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This article is written by a student writer from the Her Campus at BU chapter.

If you’ve ever walked by the College of Communications during your weekday, either getting to class or just hanging out with friends, you’ll notice that there’s sometimes a local food truck there serving the Boston public a variety of worldly cuisine. The trucks come from the surrounding areas, everywhere from Cambridge to Quincy, and are also super varied in the foods that they happen to serve. There have been countless sweet, dessert food trucks parked outside of COM, but also ones that might satisfy your lunch craving of the day. Here’s your guide to the ones I’ve seen, and a selection of the food they have to sell. 



What I ordered: Chicken Teriyaki bowl with white rice, steamed vegetables, a fried egg, and an added sriracha sauce stripe on top.

Review: The teriyaki chicken, despite the name of the food truck, was not the best I’ve ever had. It was a bit stringy, mismatched, and some of the pieces were chewier than I would have liked for a $9 – $10 meal. The protein wasn’t absolutely awful, and, granted, it’s a food truck; however, I would’ve liked the quality of that to be a little better. The fried egg on top, on the other hand, was a great addition; it was perfectly crispy on the outside while still maintaining a runny yolk in the middle. The sriracha sauce also paired very nicely with the taste of the egg, making it ever so slightly spicy without overpowering it. The rice and vegetables I also thought were good quality. Both had been nicely warmed by the chicken and egg sitting on top. In addition, the rice and vegetables received some of the teriyaki sauce and the egg yolk from above which gave a great, subtle addition of flavor that mixed in well. 

One last point of note for this food truck is that there were no knives in their utensil jar, so I was eating my meal with a fork. While that doesn’t seem like an issue for essentially a chicken and rice bowl, it created a problem with the fried egg on top (that I found particularly hard to eat with neither a utensil to cut it with nor a solid surface to cut it on).

I probably won’t choose to buy this street food again however, if it ever happens I would instead order the vegetarian option of just a rice bowl with a “vegetable medley” due to the quality of the chicken.

Zinneken’s Waffles

What I ordered: a simple Belgian waffle with melted chocolate (or you can get Nutella for the same price).

Review: An amazing waffle for the price. The dough wasn’t too overworked so it was fairly light and fluffy. Not like a donut dough, but it didn’t feel heavy to eat or too crispy to break through with flimsy utensils. The chocolate was a great addition to the waffle. Nutella can sometimes give a little bit of a heavy, sticky feeling to the pastry however, the chocolate remained quite fluid the whole time so it never created a too-much-chocolate-for-the-waffle situation. The chocolate had a nice rich flavor to it as well, making it a nice change from the sweet waffle and little bit of powdered sugar. Overall, I was incredibly happy with the waffle and chocolate. It’s an easy thing to make (so I wasn’t expecting really amazing things however, I was truly impressed.)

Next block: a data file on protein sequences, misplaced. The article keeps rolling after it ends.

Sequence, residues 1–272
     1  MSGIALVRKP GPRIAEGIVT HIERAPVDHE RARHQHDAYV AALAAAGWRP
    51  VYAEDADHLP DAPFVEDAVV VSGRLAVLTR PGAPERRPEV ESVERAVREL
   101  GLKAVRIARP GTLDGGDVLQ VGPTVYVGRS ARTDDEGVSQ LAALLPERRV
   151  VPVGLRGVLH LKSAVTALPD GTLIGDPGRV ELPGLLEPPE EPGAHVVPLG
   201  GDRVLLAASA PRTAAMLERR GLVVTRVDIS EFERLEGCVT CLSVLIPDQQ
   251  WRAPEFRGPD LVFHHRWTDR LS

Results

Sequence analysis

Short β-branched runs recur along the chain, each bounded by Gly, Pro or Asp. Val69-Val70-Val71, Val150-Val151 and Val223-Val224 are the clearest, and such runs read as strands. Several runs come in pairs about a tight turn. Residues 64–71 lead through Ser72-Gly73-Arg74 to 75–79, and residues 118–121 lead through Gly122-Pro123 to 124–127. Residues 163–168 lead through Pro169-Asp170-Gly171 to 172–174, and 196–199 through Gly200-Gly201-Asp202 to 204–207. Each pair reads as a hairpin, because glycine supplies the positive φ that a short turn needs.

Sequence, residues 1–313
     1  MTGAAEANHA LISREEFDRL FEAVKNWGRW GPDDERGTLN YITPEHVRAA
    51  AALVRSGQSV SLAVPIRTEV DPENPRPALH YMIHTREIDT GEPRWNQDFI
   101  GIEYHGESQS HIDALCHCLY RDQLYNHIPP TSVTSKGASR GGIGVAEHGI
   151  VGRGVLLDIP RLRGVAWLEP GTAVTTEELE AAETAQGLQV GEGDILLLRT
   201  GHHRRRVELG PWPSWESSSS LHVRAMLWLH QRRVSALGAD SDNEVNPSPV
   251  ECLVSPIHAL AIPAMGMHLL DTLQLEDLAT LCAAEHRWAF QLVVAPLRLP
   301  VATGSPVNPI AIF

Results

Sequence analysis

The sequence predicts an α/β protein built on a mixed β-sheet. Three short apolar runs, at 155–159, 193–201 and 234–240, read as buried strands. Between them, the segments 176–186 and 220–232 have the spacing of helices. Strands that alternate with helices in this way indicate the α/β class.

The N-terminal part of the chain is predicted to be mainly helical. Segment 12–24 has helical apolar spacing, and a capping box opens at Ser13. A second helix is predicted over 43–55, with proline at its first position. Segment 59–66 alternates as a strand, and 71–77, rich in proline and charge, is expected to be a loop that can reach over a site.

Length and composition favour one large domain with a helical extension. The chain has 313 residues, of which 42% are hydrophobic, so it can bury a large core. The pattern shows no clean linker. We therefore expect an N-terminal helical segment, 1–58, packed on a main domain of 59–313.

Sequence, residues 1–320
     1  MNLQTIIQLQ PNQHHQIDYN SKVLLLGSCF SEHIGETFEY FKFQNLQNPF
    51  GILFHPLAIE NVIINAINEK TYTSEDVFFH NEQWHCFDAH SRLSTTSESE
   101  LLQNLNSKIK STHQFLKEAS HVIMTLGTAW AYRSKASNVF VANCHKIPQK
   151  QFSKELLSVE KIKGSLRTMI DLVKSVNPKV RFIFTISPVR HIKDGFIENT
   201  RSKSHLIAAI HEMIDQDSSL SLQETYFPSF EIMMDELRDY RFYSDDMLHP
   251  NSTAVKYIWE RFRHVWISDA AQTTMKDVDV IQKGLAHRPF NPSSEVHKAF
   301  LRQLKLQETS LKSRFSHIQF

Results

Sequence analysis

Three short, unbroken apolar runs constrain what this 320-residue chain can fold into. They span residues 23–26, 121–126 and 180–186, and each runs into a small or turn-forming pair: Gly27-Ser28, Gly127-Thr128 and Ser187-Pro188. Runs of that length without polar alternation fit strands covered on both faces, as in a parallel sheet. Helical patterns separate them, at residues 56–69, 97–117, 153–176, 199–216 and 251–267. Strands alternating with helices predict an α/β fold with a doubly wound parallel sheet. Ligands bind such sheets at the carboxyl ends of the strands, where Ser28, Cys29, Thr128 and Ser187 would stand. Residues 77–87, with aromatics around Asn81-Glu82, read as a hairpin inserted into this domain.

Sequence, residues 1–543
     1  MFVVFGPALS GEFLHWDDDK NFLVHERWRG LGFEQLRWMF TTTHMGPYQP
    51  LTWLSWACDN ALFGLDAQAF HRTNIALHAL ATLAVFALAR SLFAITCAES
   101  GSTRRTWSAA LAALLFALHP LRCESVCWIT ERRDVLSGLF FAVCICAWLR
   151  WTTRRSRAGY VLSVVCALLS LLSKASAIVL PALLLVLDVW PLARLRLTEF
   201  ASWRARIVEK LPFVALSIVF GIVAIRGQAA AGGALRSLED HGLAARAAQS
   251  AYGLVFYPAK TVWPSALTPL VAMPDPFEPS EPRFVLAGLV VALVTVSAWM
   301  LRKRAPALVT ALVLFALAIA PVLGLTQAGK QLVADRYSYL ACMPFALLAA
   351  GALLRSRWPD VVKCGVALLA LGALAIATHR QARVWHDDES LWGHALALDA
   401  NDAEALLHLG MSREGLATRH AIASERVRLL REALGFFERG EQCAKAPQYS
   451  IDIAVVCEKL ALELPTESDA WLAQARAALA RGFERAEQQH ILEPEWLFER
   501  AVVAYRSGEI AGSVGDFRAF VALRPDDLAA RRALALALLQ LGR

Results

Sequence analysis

Another important aspect of the food truck is timing. The fast-food nature of the trucks gives the impression that the food is intended to be cooked and delivered in a matter of minutes. That it was. Although it’s only a waffle, this waffle was finished quickly while still maintaining the authentic flavor of a real waffle with real chocolate. 

The Dining Car

What I ordered: Fancy Fries (a special that doesn’t come up on their online menu).

Review: For the price compared to the amount of fries actually received, I would consider these a little bit on the pricey side. However, it’s obvious that the fries were freshly cooked due to the skins still on them and ever so slightly greasy nature to them (having just come out of the deep fryer). 

The sauce to go with the fries was also delicious. It was a garlic pesto with some added herbs that ended up giving the fries a lot of nice, fresh flavor that took away from how greasy they may have been. Additionally, it was a generous amount of sauce for the about $4 price of the fries. The stick to eat the fries added on the side was a great addition, helping me eat the fries without being too messy and having to pick them up around the sauce. Therefore, I could eat them on my way to class instead of having to stop and come back after class. 

The only negative I would consider  is the size of the actual paper bowl. For the size of the fries, it was a little small and ended up bending a little bit due to the heat of the fries, grease, and sauce. Despite this, the actual food from the food truck (despite them not specializing in fries) was very good. 

As far as food truck food and production of such food went, it was ever so slightly hit and miss from the ones that I tasted however, it was an exciting experience to be able to say I’ve taste-tested all three of these. Needless to say, the foods I tried are only one item on each individual, diverse menu for each truck.

These food trucks may do certain dishes, especially the ones they specialize in, better than others. Furthermore, everyone has different tastes so my word isn’t the absolute truth for trying these food trucks, just my humble opinion.

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I'm a sophomore at Boston University studying journalism on a pre-law school track.
Writers of the Boston University chapter of Her Campus.